Trolls are maligning my murdered husband, says Amrutha, pleads for hurtful comments to stop.
Miryalaguda: The family of a Telangana Dalit man, killed at the behest of his upper caste father-in-law, is not only grappling with grief but vicious trolling on social media.
Pranay Kumar, 24, a Dalit Christian, was hacked to death at Miryalaguda town in Telangana’s Nalgonda district on 14 September. The Nalgonda police say that the assailant had been hired by the victim’s father-in-law Maruthi Rao.
Pranay’s pregnant wife, Amrutha Varshini, 21, told ThePrint that a Facebook page dedicated to Pranay, created after his death, is now seeing an onslaught of sarcastic and hurtful comments, maligning her husband and supporting her father.
“(They are) lower castes when it comes to reservations, but when it comes to marriage, (they think) all castes are equal? To what extent is that fair?” reads a comment by Veliganda Rajendra Verma, posted on the page Monday.
“In movies, father-in-laws (sic) were shown as villains, but in reality they are the real heroes,” another Facebook post by Sirimalla Naveen Kumar reads.
“To bring awareness/education in Telugu speaking states, a statue of Maruthi Rao should be installed in every village with a warning board stating that people like Maruthi Rao are here,” reads a post by Sandesh Nanda. “Then a girl like Amrutha will not go in the wrong path, and boys like Pranay will not get killed”.
Amrutha says that the family now wants the trolling on social media to stop. “The things they’re saying about Pranay are not true. I request everyone to not believe what they’re saying. Please stop with the messages,” Amrutha says.
Ajay, Pranay’s brother, is equally upset and hurt. He says that some of the trolls target the fact that his brother quit engineering in his final year.
“They are saying that Pranay hadn’t finished studies but that’s only because Maruthi Rao threatened him so much that he had to leave college,” says Ajay, an MBBS student in Ukraine.
“Please get clarity on the situation. Don’t be influenced by casteist people… Casteism is the main problem in our country. Every student should rise against the caste system,” Ajay says.
Murder in Miryalaguda
Pranay had been attacked by a contract killer wielding a machete, while he was returning with Amrutha, who had just undergone a routine prenatal check-up. The couple was accompanied by his mother, Premlata.
The Nalgonda police say Amrutha’s father, T. Maruthi Rao, who belongs to the influential Vaishya community, hired the assailant for Rs 1 crore. He has been arrested, along with six others, and charged under various sections including that of murder and the Scheduled Caste and Scheduled Tribe (Prevention of Atrocities) Act, 1989.
“I saw Pranay’s body after two days, no one had informed me what had happened. I was shocked and very scared,” Amrutha, who married Pranay on 30 January, told ThePrint.
A defiant Amrutha also says that she has decided to name their child Pranay if it is a boy. “He was so excited about being a father; he loved our baby very much,” she says.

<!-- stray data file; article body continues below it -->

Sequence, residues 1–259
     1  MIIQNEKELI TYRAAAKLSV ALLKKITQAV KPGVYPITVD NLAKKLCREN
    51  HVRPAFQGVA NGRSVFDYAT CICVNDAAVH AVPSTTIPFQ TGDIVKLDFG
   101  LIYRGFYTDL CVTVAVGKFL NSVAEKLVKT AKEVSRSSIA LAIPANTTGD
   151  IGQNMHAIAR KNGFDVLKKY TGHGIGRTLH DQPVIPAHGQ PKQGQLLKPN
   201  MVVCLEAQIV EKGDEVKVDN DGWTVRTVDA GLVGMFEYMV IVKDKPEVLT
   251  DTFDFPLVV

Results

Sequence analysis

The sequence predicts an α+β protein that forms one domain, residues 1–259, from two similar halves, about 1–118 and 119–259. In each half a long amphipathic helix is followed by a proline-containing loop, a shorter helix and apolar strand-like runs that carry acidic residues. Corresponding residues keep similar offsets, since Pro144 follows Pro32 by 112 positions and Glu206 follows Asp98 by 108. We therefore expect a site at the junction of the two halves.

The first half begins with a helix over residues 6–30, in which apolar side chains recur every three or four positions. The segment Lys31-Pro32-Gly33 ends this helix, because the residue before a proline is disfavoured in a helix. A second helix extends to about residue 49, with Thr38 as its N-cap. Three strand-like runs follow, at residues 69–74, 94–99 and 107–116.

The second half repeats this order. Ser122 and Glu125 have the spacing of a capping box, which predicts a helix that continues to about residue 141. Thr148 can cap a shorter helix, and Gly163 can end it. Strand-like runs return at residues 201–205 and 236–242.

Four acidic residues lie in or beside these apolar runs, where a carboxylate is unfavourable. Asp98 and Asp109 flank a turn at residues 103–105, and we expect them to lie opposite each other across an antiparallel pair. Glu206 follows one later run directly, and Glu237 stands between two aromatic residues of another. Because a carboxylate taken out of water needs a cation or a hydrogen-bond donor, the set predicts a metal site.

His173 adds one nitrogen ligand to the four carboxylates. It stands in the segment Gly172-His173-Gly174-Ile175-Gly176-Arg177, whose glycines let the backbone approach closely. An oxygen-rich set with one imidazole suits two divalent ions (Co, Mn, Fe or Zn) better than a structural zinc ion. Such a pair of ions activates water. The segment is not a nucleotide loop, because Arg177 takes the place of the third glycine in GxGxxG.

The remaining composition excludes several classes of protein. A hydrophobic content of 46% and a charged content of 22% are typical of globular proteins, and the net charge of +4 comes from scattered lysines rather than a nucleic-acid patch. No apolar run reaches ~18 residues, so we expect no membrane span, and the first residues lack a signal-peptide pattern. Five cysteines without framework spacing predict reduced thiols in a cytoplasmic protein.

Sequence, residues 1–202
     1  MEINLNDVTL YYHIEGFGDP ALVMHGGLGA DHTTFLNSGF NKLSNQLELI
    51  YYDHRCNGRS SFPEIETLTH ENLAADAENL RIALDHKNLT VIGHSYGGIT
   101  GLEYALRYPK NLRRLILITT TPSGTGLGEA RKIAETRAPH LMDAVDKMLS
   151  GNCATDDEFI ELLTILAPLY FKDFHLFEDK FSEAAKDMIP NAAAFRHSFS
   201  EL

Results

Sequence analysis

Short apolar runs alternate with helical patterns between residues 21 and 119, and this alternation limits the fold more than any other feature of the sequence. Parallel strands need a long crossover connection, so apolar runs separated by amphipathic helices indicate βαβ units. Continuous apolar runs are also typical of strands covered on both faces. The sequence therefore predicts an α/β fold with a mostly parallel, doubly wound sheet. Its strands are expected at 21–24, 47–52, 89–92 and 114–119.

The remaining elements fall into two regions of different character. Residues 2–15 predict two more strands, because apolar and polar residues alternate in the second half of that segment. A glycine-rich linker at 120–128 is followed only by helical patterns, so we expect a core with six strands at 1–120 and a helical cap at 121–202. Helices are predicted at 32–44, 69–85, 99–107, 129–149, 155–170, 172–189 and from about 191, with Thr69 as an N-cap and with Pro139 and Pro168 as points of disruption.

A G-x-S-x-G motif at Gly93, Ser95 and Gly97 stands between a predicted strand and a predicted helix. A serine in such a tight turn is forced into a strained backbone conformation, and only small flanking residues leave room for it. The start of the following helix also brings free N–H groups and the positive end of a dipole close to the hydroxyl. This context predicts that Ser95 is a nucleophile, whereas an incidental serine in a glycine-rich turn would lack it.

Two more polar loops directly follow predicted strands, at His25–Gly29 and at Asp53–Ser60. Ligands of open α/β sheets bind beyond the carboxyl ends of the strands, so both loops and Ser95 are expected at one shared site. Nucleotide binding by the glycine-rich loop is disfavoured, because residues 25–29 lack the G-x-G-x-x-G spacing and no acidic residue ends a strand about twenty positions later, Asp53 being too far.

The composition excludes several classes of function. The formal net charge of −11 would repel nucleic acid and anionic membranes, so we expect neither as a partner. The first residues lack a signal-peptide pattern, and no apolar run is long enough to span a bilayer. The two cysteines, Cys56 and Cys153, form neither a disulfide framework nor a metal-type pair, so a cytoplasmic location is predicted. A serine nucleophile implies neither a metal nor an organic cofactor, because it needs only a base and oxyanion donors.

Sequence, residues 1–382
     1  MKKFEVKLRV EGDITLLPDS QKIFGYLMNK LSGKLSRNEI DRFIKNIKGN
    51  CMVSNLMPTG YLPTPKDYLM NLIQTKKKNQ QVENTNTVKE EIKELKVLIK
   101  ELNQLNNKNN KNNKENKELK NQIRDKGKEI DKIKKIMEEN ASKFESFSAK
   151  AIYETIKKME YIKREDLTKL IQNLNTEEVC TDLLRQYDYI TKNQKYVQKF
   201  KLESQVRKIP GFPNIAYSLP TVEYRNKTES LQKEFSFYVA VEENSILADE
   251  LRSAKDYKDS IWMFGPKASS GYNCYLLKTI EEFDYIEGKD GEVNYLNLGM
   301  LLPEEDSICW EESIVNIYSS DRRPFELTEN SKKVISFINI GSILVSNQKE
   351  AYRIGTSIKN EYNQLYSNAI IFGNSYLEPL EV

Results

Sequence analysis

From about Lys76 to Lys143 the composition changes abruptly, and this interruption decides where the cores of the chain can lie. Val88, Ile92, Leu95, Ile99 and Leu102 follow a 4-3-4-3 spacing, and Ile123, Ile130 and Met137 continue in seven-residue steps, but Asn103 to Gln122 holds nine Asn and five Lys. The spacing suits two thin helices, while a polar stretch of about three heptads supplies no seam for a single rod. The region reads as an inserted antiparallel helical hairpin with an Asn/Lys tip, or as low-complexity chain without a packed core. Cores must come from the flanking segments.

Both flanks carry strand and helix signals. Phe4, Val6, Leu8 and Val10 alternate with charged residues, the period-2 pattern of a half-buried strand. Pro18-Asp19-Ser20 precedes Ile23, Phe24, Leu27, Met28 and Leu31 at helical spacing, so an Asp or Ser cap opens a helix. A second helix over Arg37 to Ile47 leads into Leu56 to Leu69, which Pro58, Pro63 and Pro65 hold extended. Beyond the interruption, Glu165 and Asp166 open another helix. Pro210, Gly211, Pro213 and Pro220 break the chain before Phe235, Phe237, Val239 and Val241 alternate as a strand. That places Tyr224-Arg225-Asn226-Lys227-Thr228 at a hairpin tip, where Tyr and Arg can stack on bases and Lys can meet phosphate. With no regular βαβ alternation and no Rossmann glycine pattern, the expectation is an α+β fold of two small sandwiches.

Love across caste lines
Amrutha says she met Pranay when they were in high-school. She grew up in a wealthy household, with a father who belongs to the politically connected Vaishya caste, while he was the son of an LIC officer.
“He was my senior, and we were friends. I met him six or seven times in these seven years, that’s it, not more than that,” she says.
Pranay’s father, P. Balaswami, says their relationship survived multiple warnings from both families and nearly a decade of distance. “They have waited for 7-8 years; they waited to get married. Who waits for so long, you tell me?” he asks.
“We warned him multiple times that their marriage was going to cause trouble; that her caste and social status was different and that Maruthi Rao would never accept it,” his father tells ThePrint. “At the time he asked me ‘What is caste daddy? Who decides these things? I love her and I will take care of her, what does caste matter then?’”
Pranay’s family had anticipated trouble from Maruthi Rao and had got CCTV cameras installed in their residential premises two weeks after the wedding.
“I expected that he would beat her and take her away. I did not expect him to kill my son,” says Balaswami.
Family wants law to protect inter-caste couples
Pranay’s family wants capital punishment for Maruthi Rao, and those like him, who kill inter-caste couples in the name of ‘honour.’ Amrutha says her fight is now to ensure this never happens to anyone else.
The family is now, along with numerous Dalit rights activists, students, and social workers, taking part in rallies in Miryalaguda to push for a ‘Pranay Act’ — legislation that they hope will hold the government accountable for providing protection to inter-caste couples.
To make their message clear, “that no one should divide along caste lines”, Amrutha says the family also wants a statue of Pranay in Miryalaguda. “So that it stands as a symbol to the upper castes that Dalit voices will not stay silent,” Balaswami adds.
Balaswami is also determined to make sure that Amrutha is safe and comfortable.
“She has to give birth because this is also a message to the country: Don’t kill and don’t divide caste-based marriages,” he says. “Whatever Amrutha wants — even if she wants to go to her mother, live abroad or in any other state — I will provide for her.”
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